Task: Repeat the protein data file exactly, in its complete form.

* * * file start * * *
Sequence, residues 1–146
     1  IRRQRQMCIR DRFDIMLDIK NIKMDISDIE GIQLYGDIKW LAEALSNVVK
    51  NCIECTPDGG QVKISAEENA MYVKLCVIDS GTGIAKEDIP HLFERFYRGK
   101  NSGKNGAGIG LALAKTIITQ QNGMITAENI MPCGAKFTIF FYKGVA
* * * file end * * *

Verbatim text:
Sequence, residues 1–146
     1  IRRQRQMCIR DRFDIMLDIK NIKMDISDIE GIQLYGDIKW LAEALSNVVK
    51  NCIECTPDGG QVKISAEENA MYVKLCVIDS GTGIAKEDIP HLFERFYRGK
   101  NSGKNGAGIG LALAKTIITQ QNGMITAENI MPCGAKFTIF FYKGVA